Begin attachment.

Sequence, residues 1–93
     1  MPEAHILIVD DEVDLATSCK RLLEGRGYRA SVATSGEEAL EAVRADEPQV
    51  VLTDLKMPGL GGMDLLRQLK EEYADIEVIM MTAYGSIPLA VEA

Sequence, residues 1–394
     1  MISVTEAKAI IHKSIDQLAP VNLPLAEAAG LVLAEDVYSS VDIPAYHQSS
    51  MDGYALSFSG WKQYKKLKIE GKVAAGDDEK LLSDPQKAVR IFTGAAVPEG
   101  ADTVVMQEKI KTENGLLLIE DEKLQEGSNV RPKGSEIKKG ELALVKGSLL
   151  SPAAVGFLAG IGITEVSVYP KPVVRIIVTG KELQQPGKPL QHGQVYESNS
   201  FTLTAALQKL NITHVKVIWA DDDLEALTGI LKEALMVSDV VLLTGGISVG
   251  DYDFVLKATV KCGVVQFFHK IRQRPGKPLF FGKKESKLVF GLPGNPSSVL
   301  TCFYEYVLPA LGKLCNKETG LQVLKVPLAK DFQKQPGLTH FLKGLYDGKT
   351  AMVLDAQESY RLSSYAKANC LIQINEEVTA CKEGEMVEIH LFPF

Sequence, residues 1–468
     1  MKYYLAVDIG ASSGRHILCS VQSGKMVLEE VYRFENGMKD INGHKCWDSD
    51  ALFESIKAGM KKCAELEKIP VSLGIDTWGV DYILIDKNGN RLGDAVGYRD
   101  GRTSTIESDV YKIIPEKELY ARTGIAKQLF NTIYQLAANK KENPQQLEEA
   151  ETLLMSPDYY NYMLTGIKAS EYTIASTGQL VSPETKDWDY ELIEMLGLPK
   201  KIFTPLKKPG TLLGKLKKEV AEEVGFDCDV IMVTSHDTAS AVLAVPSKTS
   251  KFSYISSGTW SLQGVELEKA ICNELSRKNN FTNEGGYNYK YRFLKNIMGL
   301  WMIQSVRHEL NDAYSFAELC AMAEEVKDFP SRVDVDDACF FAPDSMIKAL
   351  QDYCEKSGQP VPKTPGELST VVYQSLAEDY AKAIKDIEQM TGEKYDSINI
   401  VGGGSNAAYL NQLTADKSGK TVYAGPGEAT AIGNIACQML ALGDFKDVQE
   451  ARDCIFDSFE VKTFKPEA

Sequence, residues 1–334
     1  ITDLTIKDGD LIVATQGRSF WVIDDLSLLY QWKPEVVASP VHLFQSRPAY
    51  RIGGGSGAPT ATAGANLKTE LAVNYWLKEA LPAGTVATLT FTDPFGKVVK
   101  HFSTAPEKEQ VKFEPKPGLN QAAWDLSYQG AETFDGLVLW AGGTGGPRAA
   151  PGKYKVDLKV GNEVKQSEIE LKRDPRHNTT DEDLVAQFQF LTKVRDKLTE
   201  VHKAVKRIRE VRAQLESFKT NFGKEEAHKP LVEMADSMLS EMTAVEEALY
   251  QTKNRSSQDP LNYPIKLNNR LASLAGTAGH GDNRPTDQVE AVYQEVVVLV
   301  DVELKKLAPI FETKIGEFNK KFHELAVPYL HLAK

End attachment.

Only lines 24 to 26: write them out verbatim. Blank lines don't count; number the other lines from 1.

Sequence, residues 1–334
     1  ITDLTIKDGD LIVATQGRSF WVIDDLSLLY QWKPEVVASP VHLFQSRPAY
    51  RIGGGSGAPT ATAGANLKTE LAVNYWLKEA LPAGTVATLT FTDPFGKVVK